On physical examination, his blood pressure was 143/103 mm Hg, heart rate was 66/min, and respiratory rate was 20/min. Patient was alert, and oriented to time, place and person. Pupils were equal and reactive to light. On cranial nerve examination, there was paralysis of left eye abduction, suggestive of left sixth cranial nerve palsy. Muscle stretch reflexes were 2+ in all four extremities. Plantar response was flexor, and Romberg test was negative. There was no focal motor weakness, sensory deficit or in coordination of upper limbs. The heel-knee shin test was mild impaired, but gait unsteadiness. Patient managed to walk a few steps with ataxic gait. The unsteady gait was initially thought to be due to diplopia, so his left eye was patched, however, there was no improvement of ataxia.
Head CT showed a normal finding except mild left sphenoid sinusitis. Electrocardiogram showed sinus rhythm, heart rate 73, no heart block. WBC was 11.2 × 109/L and erythrocyte sedimentation rate was 18 mm/h.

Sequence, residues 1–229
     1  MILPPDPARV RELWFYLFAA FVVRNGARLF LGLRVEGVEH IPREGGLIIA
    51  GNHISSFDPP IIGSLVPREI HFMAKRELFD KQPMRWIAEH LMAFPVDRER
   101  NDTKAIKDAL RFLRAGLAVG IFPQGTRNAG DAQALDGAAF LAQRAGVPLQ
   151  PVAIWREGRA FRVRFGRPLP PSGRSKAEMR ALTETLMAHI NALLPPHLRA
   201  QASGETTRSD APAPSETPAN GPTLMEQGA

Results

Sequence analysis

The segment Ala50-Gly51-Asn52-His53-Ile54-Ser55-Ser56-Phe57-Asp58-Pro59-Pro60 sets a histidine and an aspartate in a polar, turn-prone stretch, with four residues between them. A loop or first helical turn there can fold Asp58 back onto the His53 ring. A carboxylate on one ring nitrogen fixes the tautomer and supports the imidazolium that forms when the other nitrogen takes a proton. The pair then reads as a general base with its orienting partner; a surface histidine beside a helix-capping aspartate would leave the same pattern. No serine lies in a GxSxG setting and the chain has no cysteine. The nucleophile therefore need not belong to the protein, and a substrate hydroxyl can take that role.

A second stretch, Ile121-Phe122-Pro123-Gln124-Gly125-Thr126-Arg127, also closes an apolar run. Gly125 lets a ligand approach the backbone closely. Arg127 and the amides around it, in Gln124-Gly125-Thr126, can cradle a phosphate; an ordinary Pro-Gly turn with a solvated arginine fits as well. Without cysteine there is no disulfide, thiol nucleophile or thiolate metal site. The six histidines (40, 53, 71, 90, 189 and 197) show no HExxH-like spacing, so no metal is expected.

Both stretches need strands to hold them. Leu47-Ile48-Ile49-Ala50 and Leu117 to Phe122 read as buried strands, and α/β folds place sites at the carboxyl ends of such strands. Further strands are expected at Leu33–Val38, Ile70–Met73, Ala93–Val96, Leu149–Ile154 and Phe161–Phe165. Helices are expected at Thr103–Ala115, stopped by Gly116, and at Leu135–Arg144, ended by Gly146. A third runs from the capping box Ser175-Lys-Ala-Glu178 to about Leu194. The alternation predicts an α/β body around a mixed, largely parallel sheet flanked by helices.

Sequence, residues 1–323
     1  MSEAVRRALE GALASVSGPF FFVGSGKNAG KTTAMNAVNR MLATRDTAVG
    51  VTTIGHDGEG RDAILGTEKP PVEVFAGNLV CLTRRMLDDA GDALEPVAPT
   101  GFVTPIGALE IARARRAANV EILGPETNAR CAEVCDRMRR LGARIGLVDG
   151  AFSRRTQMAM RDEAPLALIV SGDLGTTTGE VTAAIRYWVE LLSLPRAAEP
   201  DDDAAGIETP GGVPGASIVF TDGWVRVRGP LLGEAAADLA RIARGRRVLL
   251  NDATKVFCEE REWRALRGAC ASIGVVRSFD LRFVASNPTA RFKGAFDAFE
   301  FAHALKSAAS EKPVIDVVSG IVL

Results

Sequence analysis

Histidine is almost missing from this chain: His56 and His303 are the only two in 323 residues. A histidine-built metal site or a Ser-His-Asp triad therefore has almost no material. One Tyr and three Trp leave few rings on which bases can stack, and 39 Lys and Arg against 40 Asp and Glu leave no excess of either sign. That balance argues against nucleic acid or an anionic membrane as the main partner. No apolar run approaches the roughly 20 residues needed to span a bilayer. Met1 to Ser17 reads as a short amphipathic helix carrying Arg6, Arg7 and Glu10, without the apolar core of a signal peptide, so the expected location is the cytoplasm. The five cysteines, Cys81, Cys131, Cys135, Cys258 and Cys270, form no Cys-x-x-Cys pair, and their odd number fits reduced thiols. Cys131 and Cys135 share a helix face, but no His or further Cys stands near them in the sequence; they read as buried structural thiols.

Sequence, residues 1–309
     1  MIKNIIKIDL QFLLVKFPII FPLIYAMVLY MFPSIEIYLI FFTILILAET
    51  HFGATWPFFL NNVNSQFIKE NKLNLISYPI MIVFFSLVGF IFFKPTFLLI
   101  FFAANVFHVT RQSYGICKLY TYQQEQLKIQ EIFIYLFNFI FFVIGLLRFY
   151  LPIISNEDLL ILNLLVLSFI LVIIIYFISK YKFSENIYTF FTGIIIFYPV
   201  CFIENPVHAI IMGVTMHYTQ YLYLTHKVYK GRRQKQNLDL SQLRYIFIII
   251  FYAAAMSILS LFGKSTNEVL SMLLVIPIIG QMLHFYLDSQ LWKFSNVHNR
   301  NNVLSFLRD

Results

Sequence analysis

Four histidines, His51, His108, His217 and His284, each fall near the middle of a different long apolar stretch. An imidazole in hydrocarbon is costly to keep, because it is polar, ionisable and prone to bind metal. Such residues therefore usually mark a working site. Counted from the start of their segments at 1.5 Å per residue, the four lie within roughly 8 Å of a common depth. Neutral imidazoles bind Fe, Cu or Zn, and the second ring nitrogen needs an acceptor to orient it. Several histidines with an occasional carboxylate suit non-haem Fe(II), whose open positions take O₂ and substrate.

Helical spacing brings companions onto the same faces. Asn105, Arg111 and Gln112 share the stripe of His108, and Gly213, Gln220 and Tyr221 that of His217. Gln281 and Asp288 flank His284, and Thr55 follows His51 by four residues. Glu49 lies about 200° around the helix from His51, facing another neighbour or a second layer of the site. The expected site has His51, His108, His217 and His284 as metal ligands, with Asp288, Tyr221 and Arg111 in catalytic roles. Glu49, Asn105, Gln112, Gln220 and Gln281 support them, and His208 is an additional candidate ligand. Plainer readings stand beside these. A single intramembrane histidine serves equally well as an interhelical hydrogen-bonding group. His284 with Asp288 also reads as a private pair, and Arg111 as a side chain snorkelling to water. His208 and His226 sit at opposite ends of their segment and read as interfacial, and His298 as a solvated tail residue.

Next day, patient complained of worsening of all symptoms. His vision was no longer double, rather blurred. On examination both eyes were fixed in forward gaze positions with no ocular movement. Pupils were equal, but reaction to light was sluggish compared to previous day. Muscle stretch reflexes were brisk 3+ bilateral extremities and remained so until discharge. Right facial muscle weakness was noted after two days and right upper eyelid was sensitive to touch. Patient was unable to walk at all due to his worsening ataxic gait in the following few days.
Ophthalmology evaluation did not reveal optical and retinal changes, but confirmed the total bilateral external ophthalmoplegia and sluggish pupillary light reflex.